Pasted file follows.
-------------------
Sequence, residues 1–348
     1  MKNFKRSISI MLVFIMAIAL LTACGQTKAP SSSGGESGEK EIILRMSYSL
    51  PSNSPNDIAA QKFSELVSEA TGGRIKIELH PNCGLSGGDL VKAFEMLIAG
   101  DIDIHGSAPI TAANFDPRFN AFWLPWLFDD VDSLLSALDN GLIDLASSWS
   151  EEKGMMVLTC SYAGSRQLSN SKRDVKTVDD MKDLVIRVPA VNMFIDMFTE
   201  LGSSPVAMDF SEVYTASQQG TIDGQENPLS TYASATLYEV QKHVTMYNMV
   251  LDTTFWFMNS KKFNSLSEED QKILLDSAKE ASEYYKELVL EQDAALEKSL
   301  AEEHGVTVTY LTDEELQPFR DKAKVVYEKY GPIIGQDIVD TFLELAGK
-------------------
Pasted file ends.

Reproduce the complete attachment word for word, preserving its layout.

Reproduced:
Sequence, residues 1–348
     1  MKNFKRSISI MLVFIMAIAL LTACGQTKAP SSSGGESGEK EIILRMSYSL
    51  PSNSPNDIAA QKFSELVSEA TGGRIKIELH PNCGLSGGDL VKAFEMLIAG
   101  DIDIHGSAPI TAANFDPRFN AFWLPWLFDD VDSLLSALDN GLIDLASSWS
   151  EEKGMMVLTC SYAGSRQLSN SKRDVKTVDD MKDLVIRVPA VNMFIDMFTE
   201  LGSSPVAMDF SEVYTASQQG TIDGQENPLS TYASATLYEV QKHVTMYNMV
   251  LDTTFWFMNS KKFNSLSEED QKILLDSAKE ASEYYKELVL EQDAALEKSL
   301  AEEHGVTVTY LTDEELQPFR DKAKVVYEKY GPIIGQDIVD TFLELAGK